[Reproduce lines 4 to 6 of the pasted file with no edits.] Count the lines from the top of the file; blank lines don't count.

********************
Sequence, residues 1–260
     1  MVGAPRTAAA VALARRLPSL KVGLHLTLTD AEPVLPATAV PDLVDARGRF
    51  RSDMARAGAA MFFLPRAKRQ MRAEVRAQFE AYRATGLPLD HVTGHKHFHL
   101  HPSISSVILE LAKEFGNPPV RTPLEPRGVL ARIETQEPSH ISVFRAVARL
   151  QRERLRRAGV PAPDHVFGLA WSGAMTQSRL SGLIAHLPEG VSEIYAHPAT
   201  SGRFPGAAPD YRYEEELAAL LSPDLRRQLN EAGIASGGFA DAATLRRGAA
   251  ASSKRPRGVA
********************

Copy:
   101  HPSISSVILE LAKEFGNPPV RTPLEPRGVL ARIETQEPSH ISVFRAVARL
   151  QRERLRRAGV PAPDHVFGLA WSGAMTQSRL SGLIAHLPEG VSEIYAHPAT
   201  SGRFPGAAPD YRYEEELAAL LSPDLRRQLN EAGIASGGFA DAATLRRGAA